We solidified our plans to head to Baños the next day, the adventure capital of Ecuador. I was sorely disappointed I would be unable to attempt to summit the famous Cotopaxi Mountain due to being so ill. Even if I had been cured quickly, I was terribly weak from not being able to retain any water or food for so long and spending most of my time sitting or lying down. I lost a lot of muscle mass and a great deal of my cardiovascular strength. I was winded from the shortest walk or climb of stairs. So instead we went straight for Baños up in the mountains. We arrived in the evening, found a cab that took us to our hostel just outside the main bustle of the town and settled into our room. We ended up having the whole five bed dorm to ourselves. The hostel owners only spoke Spanish but they were wonderfully friendly and always helpful. The father would always offer to drive us into the town centre so we didn’t have to pay for a cab.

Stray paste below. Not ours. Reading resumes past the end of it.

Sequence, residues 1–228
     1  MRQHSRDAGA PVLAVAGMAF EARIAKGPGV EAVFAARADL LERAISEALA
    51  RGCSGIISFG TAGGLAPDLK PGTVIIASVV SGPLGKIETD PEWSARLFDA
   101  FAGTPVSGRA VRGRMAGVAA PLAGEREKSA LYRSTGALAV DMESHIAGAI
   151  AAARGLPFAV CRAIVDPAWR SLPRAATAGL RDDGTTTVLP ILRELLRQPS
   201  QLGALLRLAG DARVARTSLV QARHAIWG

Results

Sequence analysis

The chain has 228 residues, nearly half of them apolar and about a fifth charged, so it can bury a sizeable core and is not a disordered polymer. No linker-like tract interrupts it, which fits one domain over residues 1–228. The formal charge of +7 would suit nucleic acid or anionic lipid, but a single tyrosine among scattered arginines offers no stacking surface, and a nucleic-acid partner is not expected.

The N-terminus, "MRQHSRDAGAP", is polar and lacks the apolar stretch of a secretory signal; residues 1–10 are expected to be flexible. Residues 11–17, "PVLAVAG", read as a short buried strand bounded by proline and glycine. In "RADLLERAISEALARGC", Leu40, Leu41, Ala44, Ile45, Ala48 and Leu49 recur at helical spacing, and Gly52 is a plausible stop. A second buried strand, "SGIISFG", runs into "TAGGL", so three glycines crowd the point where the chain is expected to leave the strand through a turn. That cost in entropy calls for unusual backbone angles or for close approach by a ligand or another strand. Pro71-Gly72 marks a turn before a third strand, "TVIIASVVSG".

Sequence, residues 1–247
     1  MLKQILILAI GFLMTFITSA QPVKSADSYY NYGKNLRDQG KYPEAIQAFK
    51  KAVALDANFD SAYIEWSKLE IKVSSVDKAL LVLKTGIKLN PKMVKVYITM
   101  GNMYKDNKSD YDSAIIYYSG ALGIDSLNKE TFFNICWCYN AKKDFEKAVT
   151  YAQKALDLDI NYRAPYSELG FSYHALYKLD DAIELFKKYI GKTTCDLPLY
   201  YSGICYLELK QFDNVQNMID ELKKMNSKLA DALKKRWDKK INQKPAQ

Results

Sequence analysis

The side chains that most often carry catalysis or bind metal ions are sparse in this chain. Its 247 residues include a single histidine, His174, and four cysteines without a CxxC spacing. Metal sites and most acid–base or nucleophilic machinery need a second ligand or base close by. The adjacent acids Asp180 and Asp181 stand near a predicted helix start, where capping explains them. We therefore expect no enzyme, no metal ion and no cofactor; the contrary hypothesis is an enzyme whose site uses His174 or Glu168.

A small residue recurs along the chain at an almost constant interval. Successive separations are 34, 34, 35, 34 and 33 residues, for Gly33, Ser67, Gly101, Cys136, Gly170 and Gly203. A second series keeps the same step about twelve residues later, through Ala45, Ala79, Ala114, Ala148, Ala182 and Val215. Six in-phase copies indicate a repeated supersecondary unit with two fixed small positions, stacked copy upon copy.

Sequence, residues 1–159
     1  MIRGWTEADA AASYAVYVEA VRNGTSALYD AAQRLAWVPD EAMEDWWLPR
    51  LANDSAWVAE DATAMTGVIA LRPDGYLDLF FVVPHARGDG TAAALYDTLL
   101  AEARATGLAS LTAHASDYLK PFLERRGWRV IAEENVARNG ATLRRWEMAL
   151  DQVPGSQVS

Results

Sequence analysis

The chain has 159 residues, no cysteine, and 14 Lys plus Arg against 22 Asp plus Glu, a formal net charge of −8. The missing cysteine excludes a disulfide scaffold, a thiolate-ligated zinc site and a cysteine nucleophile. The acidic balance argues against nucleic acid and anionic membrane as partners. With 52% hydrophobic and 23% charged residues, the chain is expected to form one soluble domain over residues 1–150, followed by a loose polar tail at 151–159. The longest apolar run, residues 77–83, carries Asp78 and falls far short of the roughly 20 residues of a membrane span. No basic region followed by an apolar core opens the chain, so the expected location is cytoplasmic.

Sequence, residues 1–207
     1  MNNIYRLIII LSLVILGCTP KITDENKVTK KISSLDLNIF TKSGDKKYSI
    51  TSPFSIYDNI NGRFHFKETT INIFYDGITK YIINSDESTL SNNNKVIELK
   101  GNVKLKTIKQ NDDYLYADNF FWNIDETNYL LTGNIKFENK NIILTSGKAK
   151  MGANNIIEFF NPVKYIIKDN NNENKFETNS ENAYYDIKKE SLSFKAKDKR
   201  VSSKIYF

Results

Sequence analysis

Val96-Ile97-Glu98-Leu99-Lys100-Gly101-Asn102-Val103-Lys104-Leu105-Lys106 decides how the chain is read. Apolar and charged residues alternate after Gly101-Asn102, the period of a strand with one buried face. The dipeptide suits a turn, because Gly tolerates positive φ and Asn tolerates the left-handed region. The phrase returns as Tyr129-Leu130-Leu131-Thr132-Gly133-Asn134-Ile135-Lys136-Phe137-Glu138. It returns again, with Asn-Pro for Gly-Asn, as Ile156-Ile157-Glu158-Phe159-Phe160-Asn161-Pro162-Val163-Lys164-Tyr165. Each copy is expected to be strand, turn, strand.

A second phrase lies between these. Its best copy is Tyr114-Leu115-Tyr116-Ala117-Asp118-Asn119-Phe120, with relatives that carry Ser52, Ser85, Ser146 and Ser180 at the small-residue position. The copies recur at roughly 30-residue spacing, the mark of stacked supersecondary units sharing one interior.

Baños is crazy beautiful. We were still having troubles with our guts but things were slowly improving. We stuck to the soup and added some basic pasta in to our diet to cut the awful monotony of the soup. It was glorious. We made all of our own food, not daring to test our tender stomachs yet by eating out. Oatmeal and fruit for breakfast, soup for lunch and pasta for dinner: simple. The next day we got a little tour of the city from the hostel owner to see where things were located and decided to book a tour. We signed up for canyoning- something neither of us had ever done. We were picked up in a 4×4 jeep and hit the winding roads, cruising through the mountains for about 45 minutes to get to our spot. We had about a 25 minute climb up the mountainside, which some American girls had warned us was ‘really strenuous’. Sure we were out of breath, this was the most exercise I’d had since Tayrona, but it wasn’t as bad as the girls had made it out to be. We felt proud for getting to the top in our weakened condition and then got geared up for the rest of the adventure which was all downhill- er, down waterfall, from here!